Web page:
Touché. Never thought about it like that and you are absolutely right.  Faceless criminal shrouded by corporate veils. Do you miss the ’70s and the ’80s?

Miss the 70s and 80s? Of course I do. NYC is unrecognizable. It was once a fun playground. Now it’s a sterile bastion for billionaires.

Yes. The culture is shit. The streets are barely recognizable.  But just when you get ready to leave…it reels you back in. We will come full circle. Let’s talk trains…When the Golden Age trains were tossed into the ocean to create a coral reef – that was hard to watch … how did you feel seeing graff history plunged into water?

The trains they dumped were mainly painted red, so it wasn’t really a case of watching talented and respected writers’ pieces getting thrown into the water. But if you paint graffiti, you likely understand the ephemeral nature of the work. You come to accept that it will probably have a short and tenuous existence. If you think your graffiti is permanent and precious you’re in for a rude awakening


You certainly don’t mince words. How about our favorite inquiry – how did you come up with your name?

That’s the easiest question you’ve asked me so far. “Zephyr” was the name of a skateboard team (and a brand of skateboards) from Southern California, early 1970s. Google it. The “Z-Boys,” as they were known, inspired two cool movies, and invented vertical skating. Literally. They were far cooler cats than I’ll ever be (i.e. Tony Alva, Stacy Peralta, Jay Adams).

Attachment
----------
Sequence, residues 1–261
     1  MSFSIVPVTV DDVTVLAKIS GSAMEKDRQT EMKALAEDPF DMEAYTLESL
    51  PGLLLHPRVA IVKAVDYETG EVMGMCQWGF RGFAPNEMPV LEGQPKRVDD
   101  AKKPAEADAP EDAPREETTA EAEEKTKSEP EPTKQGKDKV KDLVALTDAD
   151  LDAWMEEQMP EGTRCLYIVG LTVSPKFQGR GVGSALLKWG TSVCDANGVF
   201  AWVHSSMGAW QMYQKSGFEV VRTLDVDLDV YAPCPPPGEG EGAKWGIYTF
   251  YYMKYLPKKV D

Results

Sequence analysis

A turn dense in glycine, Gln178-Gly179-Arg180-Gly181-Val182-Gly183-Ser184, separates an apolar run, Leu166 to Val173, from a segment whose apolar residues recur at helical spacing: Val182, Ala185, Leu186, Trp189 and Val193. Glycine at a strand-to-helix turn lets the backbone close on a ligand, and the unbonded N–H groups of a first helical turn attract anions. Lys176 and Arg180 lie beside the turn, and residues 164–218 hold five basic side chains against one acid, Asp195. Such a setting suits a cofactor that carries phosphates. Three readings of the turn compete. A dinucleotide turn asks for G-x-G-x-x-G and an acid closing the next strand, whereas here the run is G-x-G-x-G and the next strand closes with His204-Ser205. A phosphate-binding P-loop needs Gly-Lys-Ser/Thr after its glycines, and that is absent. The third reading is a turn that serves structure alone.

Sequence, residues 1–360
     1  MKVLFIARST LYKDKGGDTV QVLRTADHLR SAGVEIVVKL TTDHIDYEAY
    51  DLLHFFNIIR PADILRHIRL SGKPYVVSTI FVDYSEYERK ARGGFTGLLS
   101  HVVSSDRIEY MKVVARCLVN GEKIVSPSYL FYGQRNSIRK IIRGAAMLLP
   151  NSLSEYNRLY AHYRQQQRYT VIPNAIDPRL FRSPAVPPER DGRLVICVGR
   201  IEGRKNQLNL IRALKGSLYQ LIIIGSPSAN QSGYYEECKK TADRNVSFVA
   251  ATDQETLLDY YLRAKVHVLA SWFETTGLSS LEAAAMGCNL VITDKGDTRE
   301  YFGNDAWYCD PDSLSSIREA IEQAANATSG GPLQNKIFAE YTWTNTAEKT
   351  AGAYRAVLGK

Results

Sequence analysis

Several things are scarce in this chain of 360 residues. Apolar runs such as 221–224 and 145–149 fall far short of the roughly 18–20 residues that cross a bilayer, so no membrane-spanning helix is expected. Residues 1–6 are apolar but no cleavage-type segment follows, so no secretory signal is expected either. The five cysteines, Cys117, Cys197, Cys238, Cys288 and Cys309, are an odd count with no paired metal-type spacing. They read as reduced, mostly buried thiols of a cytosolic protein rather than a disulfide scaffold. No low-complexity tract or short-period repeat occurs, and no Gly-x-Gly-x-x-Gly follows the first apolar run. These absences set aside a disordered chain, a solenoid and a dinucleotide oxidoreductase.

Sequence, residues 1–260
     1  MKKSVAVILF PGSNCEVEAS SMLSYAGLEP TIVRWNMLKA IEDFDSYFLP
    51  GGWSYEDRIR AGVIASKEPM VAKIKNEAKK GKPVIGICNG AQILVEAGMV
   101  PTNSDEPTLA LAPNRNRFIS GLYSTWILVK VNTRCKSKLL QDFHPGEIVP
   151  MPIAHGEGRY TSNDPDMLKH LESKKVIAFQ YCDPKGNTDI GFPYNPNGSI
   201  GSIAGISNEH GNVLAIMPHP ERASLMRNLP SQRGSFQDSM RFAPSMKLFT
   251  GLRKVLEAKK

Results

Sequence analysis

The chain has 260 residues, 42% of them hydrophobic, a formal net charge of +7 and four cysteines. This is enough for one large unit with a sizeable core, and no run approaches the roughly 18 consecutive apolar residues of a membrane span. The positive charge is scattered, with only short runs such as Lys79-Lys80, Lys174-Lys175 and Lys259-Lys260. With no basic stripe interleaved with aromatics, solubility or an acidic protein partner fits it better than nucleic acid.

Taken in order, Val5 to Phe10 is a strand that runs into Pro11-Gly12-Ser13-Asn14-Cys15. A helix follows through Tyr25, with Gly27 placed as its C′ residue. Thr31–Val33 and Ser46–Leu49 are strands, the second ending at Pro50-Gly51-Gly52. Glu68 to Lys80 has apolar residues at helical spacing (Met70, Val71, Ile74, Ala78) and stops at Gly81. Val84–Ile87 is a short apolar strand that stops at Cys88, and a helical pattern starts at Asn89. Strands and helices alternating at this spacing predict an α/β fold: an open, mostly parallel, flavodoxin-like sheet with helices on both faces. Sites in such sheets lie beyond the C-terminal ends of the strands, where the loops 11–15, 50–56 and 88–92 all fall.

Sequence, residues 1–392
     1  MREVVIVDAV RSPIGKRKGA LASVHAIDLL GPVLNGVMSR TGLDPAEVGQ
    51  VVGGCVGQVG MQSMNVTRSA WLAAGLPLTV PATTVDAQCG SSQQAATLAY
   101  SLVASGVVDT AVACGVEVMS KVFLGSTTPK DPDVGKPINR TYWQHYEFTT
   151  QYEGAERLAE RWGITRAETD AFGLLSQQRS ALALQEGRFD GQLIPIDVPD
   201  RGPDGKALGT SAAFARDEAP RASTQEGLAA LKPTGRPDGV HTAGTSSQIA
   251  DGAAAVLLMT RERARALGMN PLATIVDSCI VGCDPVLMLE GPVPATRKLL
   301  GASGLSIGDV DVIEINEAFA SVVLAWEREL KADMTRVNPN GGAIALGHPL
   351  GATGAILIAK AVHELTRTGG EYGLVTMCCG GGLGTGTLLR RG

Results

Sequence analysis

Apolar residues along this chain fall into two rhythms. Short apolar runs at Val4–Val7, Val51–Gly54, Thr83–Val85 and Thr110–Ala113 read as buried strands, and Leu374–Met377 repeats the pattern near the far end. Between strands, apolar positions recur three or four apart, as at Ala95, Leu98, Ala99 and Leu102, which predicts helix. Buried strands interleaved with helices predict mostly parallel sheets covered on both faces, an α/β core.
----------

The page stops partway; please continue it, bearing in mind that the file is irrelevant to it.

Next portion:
Not the West Wind, after all. Can you tell us a bit about your experience growing up here?

Growing up in NYC (Manhattan) and coming of age in the 1970s was great. The city was so less populated and safer for kids. I was given a bus pass at school, and I rode the buses and subways alone probably starting at around age nine. If you see a nine-year-old on the subway alone today, you should probably call child services…

My older sister used to take me down the Greenwich Village to go to used record stores back in the 1960s. That’s when I got a sense of the overall counter-culture and the East Coast psychedelic sensibilities that were far more attractive to me than the uptight family environment that was inflicted on me uptown on East 90th Street, where I grew up.


Safer for kids? I’m not sure about that one though we are talking a full decade between us. When was the first time you held a can in your hand?

Actually, I was doing marker tags for years, and found spray paint rather challenging. When I did my first piece on a wall (Carl Schurz Park) I was scared shitless, and it was not much to look at, to say the least.

What do you think of graffiti today?

Is there graffiti today? I thought the walls today are being done by so-called “street artist” art school students painting outdoors while the vie for gallery shows and corporate commissions. (OUCH!)

Ooh, I felt that.

How the culture has changed?

We jumped turnstiles. They drive Toyotas.

That’s all I can say about that.


How quickly did it become second nature to you to paint Zephyr?  Were those particular letters easy?

No. Not at all. It took a long time to get my pieces and tags to look anything but clunky and awkward, but perseverance can sometimes pay off.

I think it usually pays off. Zephyr, as always it has been pleasure. Thank you.

’til next time.

Rebel Know